This weekend I took the Middlebury fan bus down to NYC to see our team play in a very prestigious sporting event: the Quidditch World Cup. (Yep, you heard right. Quiddtich. Like from Harry Potter.)
Muggle Quiddtich started at Middlebury six years ago, with a bunch of freshmen who wanted to spice up their weekly tradition of playing bocce on Battell Beach. Those students have now graduated and moved on to bigger and better things–and Quidditch has grown up as well. I remember my freshman year’s World Cup, when Middlebury hosted nine teams on dorm room floors and were amazed at how huge a crowd we’s managed to draw. (That was also the first year it was an actual “world” cup, since McGill came down from Canada to play.) Last year, the World Cup moved to NYC because the number of spectators had gotten too big to fit in Middlebury, VT. This year, Quiddtich exceeded even my wildest, most outlandish imaginings. The IQA put together a tournament of over one hundred teams, including an alumni game and a high school bracket. When I first arrived, I spent half an hour walking around the complex of nine pitches in awe, amazed at how little MiddQuid has grown into a worldwide pheonomenon. (And I mean worldwide. This weekend Middlebury had the honor of playing the most far-flung team to date: Vassa, from Finland. I’m pretty sure they flew over in an airplane, not on brooms.)
Middlebury has been the reigning World Cup Champions since the beginning, which always sortof seemed like a given. This year, though, I realized that we would have to play really well to even have a shot at trophy–in Quiddtich tradition, a plastic vodka bottle spray-painted gold. (Nobody but the team knows if it’s full or not.) We played pretty well in pool play, ending up 13th seed in the 34-team single-elimination bracket. In pool play, we did experience our first loss in the history of Quiddtich, to Michigan’s VERY enthusiastic team.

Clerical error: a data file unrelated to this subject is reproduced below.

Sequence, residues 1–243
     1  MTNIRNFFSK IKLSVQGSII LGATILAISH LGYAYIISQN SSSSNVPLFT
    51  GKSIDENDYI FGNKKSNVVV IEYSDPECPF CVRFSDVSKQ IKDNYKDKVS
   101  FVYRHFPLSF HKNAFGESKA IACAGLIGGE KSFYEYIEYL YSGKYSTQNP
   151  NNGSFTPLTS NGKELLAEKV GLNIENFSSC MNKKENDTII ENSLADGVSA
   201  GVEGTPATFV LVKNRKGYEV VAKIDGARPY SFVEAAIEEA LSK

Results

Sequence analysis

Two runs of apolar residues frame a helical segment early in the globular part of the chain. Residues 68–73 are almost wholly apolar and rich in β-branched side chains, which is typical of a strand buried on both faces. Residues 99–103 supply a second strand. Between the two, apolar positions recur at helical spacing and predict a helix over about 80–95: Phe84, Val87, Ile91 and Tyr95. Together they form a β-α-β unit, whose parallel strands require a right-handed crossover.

We made it through to the semifinals and finals, held in the soccer stadium on Randall’s Island. The Middlebury student cheering section just managed to make ourselves be heard over the roar of the rest of the stadium–with the notable exception of Canada’s two teams, which graciously both cheered for us. I dont think I’ve ever been that nervous at a sporting event in my life. We cheered, yelled at the dramatically-gesticulating ref, and chanted for the two of our players that were carried off the field on stretchers (they’re both going to be okay, but be warned: Quidditch is a rough sport). We sang various Middlebury fight songs and found even the least Quidditch-enthused of us yelling things like “Nice beat! He was bludged, ref! Drop the Quaffle!!!!”
After a nerve-wracking game and some excellent snitching (The Golden Snitch: a human being dressed in all yellow for whom no rules apply. Snitching is a hilarious sub-sport that’s worth checking out on Youtube.), Middlebury caught the snitch and, just barely, defended our championship for the fifth year running. I dont know if we’ll be able to hold onto it next year–Quidditch teams everywhere are getting better and better–but I was happy to see us win, in person, for my last World Cup as a student.
The fan bus left NYC right after the final game, so we arrived back in Middlebury at 4:00 this morning. It’s a tribute to our fan’s enthusiasm that we didnt sleep the whole way: we spent the first hour or so reliving plays and singing the very intimidating and bloodthirsty Middlebury victory song:
“There’s only one Middlebury / hey hey / one Middlebury / hey hey / walkin’ along / singin’ a song / walkin’ in a winter wonderland.”